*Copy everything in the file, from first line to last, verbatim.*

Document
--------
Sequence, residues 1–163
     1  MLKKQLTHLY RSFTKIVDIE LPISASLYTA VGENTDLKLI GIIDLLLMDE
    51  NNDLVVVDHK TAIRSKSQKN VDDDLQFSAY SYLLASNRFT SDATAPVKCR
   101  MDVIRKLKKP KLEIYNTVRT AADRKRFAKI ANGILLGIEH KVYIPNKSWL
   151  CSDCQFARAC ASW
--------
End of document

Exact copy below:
Sequence, residues 1–163
     1  MLKKQLTHLY RSFTKIVDIE LPISASLYTA VGENTDLKLI GIIDLLLMDE
    51  NNDLVVVDHK TAIRSKSQKN VDDDLQFSAY SYLLASNRFT SDATAPVKCR
   101  MDVIRKLKKP KLEIYNTVRT AADRKRFAKI ANGILLGIEH KVYIPNKSWL
   151  CSDCQFARAC ASW